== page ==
Presumably by descent at Danny Park, until at least 1650;
Private collection, Austria, until 2018.
This painting, which considering its age is in remarkable condition, is a particularly fine example of the artist’s work, exemplifying the haughty swagger that he was able to capture in paint. Painted in 1581, the year Gower was made by royal appointment Sergeant-Painter to the queen, it is an important addition to the artist’s oeuvre, and was, prior to its discovery late last year, completely unknown. Although it might be argued that George Gower’s rivals achieved greater levels of illusionism and more painterly effects, none could rival his style and finish. His popularity with the queen ensured that he was cast as the principal architect of her iconography and remained the preeminent painter at Elizabeth I’s Court for much her reign.
Here, the courtly aspirations of George Goring are vibrantly captured by Gower in the sitter’s resplendent costume; his fine lace cartwheel ruff and black velvet cloak embroidered in silver and gold thread with grape vines and acorns are worthy of the Elizabethan courtier he aspired to be. Golden acorns further adorn his doublet and the buttons themselves are acorn-shaped, all symbolising his pedigree as a ‘great oak’. The silk of his under-shirt peaks through his right sleeve, unbuttoned to reveal the embroidered letters ‘A’ and ‘D’, the initials of his wife, Anne Denny. Anne was undoubtedly a catch; the daughter of one of Henry VIII’s most trusted ‘gentlemen of the chamber’, Anthony Denny (1501 – 1549) of Waltham Abbey, Essex. As Keeper of Hatfield House where the young Elizabeth spent much of her childhood, and then of Westminster palace and Henry VIII’s royal household, Denny rode in the carriage with the late king’s body at his funeral, and was a pall-bearer at Edward VI’s coronation. Though he died before Anne came of age, this royal connection and indeed the wealth that she brought to Goring, were essential in elevating our sitter to the point we see here, the (presumed) year of their marriage, 1581.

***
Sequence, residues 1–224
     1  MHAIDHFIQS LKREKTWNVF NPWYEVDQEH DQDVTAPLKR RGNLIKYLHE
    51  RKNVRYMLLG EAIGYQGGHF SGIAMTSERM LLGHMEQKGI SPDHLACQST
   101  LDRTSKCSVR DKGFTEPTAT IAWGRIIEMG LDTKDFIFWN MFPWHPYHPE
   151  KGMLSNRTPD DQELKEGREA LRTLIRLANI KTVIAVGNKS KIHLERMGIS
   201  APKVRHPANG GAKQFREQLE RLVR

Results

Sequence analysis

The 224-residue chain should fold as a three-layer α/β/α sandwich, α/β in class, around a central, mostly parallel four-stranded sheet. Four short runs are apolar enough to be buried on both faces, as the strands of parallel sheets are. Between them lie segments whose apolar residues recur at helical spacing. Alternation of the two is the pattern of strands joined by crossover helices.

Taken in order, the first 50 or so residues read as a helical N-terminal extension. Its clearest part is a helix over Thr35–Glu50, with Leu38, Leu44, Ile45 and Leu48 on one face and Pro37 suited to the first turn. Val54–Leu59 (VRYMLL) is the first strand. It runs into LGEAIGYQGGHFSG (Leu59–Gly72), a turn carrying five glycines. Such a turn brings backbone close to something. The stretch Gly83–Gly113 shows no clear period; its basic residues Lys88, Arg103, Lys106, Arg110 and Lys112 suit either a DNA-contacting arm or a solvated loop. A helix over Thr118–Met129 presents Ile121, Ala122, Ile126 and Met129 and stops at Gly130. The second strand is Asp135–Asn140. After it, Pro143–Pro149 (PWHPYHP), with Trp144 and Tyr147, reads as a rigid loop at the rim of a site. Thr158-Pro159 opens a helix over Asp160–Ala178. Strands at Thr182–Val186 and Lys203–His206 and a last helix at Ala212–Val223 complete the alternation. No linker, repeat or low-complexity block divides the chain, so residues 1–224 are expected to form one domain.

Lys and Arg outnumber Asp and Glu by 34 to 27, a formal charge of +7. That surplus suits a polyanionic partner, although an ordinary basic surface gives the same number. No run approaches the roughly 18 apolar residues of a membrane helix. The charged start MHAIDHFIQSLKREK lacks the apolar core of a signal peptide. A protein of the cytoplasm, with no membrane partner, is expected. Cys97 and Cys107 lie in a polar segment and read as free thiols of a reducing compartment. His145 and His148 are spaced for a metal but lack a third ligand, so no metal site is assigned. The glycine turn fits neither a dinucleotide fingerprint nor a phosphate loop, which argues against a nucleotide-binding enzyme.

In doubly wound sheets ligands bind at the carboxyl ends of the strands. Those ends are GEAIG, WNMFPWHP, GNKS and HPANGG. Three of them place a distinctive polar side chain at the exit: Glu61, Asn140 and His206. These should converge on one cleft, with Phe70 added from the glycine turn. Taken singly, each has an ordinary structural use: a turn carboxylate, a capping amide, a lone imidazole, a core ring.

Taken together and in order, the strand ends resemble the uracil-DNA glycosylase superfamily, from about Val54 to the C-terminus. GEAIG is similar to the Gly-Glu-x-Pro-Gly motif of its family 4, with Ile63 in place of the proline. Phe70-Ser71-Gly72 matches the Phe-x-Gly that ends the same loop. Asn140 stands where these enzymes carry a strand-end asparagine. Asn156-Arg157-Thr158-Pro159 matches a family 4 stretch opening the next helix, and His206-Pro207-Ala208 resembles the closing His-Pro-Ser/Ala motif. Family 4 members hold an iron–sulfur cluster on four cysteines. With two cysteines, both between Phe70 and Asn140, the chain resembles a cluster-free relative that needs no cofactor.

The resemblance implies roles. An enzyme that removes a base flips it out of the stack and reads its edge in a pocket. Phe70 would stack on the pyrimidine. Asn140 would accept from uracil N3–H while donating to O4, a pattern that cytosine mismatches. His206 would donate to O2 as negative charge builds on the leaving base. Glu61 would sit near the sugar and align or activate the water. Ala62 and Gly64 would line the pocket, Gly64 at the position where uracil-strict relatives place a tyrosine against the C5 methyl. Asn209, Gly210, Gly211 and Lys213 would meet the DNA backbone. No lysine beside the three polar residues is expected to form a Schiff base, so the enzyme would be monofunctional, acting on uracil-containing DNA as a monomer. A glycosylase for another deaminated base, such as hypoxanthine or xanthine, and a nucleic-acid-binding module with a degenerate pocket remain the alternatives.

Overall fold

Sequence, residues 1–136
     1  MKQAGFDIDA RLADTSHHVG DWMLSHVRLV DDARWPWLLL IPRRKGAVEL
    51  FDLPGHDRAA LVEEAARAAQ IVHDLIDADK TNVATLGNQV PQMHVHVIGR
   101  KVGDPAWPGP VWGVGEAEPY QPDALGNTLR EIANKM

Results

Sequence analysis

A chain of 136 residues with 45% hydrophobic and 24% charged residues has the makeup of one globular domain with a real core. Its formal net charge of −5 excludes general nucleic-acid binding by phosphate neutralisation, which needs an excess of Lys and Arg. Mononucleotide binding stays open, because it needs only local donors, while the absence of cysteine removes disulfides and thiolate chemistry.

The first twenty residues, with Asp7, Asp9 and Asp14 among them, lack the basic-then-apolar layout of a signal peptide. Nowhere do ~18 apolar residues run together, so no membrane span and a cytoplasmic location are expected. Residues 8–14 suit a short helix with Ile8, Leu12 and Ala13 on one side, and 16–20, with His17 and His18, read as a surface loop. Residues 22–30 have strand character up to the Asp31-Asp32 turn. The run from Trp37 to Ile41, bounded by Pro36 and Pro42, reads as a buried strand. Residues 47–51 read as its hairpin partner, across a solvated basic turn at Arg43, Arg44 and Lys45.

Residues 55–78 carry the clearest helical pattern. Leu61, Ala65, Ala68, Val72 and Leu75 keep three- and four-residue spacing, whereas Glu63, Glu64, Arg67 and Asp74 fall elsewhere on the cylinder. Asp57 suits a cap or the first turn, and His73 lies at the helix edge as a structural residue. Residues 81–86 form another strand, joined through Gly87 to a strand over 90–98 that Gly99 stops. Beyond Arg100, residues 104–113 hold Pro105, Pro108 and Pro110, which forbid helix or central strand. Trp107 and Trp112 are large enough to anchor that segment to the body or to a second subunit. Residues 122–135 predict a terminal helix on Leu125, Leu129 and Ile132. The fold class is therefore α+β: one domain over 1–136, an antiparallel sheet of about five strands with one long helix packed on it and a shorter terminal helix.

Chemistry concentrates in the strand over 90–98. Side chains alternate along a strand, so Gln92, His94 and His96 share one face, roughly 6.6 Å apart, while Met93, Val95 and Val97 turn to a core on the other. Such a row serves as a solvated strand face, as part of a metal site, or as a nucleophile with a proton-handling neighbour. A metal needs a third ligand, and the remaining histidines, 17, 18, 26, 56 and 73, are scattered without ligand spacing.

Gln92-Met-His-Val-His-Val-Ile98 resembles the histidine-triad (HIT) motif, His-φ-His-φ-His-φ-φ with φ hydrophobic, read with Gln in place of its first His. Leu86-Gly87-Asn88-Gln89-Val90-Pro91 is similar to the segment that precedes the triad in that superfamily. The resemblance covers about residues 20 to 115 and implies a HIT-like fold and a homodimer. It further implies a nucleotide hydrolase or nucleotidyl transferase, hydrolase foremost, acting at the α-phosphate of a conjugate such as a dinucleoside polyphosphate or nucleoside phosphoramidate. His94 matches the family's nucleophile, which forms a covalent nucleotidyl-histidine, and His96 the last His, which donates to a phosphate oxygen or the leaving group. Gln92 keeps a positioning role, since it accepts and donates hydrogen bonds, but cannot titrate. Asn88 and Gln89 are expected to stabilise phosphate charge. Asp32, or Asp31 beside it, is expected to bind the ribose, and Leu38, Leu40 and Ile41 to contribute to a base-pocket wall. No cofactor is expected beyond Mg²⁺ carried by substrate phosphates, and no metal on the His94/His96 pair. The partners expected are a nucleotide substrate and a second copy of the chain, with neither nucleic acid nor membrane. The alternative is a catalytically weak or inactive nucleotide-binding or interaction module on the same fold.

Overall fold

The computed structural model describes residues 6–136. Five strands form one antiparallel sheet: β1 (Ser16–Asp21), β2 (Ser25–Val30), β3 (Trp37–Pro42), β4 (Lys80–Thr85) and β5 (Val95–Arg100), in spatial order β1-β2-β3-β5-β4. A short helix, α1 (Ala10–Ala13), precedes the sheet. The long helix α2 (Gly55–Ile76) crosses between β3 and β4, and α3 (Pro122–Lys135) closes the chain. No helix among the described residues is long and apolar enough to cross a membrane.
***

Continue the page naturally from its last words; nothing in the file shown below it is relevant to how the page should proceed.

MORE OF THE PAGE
George Goring Junior, MP for Lewes in 1593 and 1601, was the eldest son of George Goring (c.1522 – 1594), also an MP for Lewes (elected to the English parliament in 1563). Goring Senior purchased an impressive estate, Danny Park in Hurstpierpoint, West Sussex, a year after his son’s marriage, in 1582. There, at great expense he built Danny House, designed in the shape of the letter ‘E’ in honour of Elizabeth I of England, who had been on the throne for over thirty years. The house was finished in 1595, a year after Goring Senior’s death, at which point Goring Junior became responsible for his father’s debts, amounting to the substantial sum of £20,000. This was added to his own debts (£16,000), which, like his father, he had accumulated as a speculator in land. Through favourable connections (probably Sir Robert Cecil to whom he and his wife regularly sent presents in gratitude), he managed to avoid the forcible sale of his father’s lands, though they were extended and an annual sum appointed for payment to the Queen. In 1596 Sir Walter Raleigh allowed Goring to try to repair his fortunes by prospecting for iron on some of his lands in Munster.
Goring died on 7 February 1602, leaving lands in Dorset, and some recently purchased in Sussex, to his brothers-in-law and to one William Newton, for the payment of his debts and the provision of portions for his four daughters. Anne was left as sole executrix, with the house at Danny Park until their eldest son George reached his majority. Colonel George Goring, 1st Earl of Norwich (1585 – 1663), like his father and grandfather, was an MP for Lewes. He was knighted in 1608 and became a favourite of Charles I of England, taking a prominent royalist role in the Civil War of 1648.
 A witness and an executor of Henry VIII’s will, he received a legacy of £300 which was not paid until 1550, after his own death.
 After four generations of Gorings, Danny was sold to Peter Courthope in 1650.